Bersiap is Malay for “Be ready” or “Pay attention!”. It is the battle cry of Indonesian (para)military organizations and gangs which, almost immediately after the capitulation of Japan, sowed death and destruction among initially mainly non-Indonesians in the former Dutch East Indies.

During the height of this extremely violent period, which ran in the cities from September 1945 to early 1946, thousands of (Indo-)Dutch people were brutally tortured, raped and murdered by Indonesians, because of their Dutch and/or European ethnicity.

The violence against and the massacres of the civilian population did not stop after 1946, but continued until the late 1940s. Mid-1947 there was another explosion of violence, also referred to as the Second Bersiap.

The exact number of Dutch (civilian) victims that fell during the Bersiap is still unclear. Estimates vary between 5,000 and 30,000 dead and 15,000 missing. Chinese, Moluccans and other population groups were also victims, although it is unclear how many.

The violence did not cease after 1946. It was against this background that the government in 1947 decided to deploy the military on a large scale in the former Dutch East Indies – also euphemistically known as the Police Actions (Politionele Acties) – in order to “restore peace and order”.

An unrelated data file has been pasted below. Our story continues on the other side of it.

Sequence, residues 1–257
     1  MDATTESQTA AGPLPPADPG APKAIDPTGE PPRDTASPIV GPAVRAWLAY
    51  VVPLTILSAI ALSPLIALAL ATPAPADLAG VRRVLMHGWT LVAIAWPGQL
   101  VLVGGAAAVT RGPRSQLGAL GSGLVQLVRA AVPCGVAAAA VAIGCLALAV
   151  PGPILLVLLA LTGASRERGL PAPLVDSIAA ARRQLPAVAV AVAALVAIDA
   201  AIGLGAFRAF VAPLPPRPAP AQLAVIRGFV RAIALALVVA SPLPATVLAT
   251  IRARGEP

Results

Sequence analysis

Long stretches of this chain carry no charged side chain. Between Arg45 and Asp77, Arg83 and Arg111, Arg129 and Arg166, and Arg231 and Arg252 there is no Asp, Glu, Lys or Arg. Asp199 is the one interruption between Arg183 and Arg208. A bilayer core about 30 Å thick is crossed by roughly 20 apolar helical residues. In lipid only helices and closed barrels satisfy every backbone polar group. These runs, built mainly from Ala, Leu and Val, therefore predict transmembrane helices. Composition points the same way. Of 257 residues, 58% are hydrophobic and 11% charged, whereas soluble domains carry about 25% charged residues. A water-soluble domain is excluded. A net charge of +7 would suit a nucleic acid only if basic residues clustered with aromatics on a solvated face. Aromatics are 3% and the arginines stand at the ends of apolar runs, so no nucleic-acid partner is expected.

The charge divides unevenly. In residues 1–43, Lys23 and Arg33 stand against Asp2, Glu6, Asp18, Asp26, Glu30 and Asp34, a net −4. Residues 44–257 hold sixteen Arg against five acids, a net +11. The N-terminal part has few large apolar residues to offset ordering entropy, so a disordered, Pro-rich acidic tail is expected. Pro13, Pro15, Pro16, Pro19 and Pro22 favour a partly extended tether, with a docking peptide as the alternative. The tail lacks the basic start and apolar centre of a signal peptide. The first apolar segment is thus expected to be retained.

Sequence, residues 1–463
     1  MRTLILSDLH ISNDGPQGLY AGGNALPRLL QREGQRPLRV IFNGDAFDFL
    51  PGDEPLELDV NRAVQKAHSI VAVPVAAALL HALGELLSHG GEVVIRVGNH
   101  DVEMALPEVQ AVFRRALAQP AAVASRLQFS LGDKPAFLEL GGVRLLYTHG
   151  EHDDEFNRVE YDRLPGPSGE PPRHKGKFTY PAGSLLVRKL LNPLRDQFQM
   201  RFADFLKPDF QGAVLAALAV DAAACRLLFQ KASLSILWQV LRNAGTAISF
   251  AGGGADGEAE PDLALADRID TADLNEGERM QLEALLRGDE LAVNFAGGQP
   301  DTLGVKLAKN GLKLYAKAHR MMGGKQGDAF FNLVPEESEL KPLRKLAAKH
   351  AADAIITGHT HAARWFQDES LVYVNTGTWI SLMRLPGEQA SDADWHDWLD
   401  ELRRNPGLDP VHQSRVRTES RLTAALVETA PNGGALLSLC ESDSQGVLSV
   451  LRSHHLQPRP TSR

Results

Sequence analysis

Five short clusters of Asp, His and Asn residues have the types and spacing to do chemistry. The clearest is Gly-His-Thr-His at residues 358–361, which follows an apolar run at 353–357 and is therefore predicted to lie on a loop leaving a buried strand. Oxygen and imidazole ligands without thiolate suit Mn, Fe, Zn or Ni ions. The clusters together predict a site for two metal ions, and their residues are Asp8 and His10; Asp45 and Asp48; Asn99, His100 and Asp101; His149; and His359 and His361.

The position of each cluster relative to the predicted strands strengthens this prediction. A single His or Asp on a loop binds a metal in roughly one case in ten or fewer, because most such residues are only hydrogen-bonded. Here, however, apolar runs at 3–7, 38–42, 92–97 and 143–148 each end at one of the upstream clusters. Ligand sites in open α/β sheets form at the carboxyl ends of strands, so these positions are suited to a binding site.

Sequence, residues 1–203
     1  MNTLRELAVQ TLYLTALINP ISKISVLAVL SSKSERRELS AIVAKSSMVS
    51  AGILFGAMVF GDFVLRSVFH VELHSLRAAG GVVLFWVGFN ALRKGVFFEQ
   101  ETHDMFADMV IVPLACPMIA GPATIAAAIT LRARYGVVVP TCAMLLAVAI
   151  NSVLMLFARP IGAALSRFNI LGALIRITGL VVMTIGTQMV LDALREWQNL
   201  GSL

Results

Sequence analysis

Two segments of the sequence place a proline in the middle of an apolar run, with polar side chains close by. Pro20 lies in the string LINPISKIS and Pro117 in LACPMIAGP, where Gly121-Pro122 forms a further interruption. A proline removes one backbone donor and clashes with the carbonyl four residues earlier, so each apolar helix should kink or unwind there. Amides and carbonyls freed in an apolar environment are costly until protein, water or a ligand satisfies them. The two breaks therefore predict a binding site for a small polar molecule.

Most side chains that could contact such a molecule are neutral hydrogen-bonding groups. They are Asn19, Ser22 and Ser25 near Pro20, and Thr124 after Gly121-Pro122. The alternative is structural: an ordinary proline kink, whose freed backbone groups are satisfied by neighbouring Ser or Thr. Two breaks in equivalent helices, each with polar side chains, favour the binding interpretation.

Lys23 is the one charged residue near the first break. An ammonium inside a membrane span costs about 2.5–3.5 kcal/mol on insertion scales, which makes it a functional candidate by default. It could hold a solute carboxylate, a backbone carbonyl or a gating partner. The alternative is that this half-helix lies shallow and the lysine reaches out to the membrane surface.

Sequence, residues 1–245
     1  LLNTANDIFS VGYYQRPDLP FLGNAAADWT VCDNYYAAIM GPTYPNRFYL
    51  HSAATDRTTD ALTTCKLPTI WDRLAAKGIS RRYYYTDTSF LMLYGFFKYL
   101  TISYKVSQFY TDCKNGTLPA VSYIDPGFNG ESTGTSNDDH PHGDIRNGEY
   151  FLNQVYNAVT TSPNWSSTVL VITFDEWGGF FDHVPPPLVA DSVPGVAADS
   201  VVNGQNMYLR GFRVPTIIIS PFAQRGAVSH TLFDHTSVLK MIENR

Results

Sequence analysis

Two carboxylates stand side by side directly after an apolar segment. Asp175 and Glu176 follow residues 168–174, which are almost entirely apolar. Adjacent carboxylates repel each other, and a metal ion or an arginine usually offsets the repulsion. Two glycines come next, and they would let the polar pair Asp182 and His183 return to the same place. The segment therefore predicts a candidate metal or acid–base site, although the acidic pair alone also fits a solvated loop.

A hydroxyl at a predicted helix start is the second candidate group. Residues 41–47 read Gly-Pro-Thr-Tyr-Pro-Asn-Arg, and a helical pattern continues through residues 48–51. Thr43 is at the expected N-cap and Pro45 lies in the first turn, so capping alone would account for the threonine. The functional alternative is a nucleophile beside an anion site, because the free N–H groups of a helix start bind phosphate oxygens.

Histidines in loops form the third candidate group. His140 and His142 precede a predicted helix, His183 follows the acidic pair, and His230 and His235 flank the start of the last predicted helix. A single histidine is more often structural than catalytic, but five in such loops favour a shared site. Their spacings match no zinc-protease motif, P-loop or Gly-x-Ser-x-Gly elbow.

In total, more than 200,000 soldiers were deployed, including 120,000 conscripts and 20,000 war volunteers from The Netherlands and 60,000 soldiers from the Royal Dutch East Indies Army (Koninklijk Nederlandsch-Indisch Leger, KNIL). Between 1945 and 1962, a total of 6,300 soldiers were killed.

Unlike the Netherlands, Indonesia has never critically reflected on the crimes committed by its subjects against defenceless citizens. To this day, Indonesia refuses to acknowledge the atrocities and to apologize for it.

See also: Bersiap denial.

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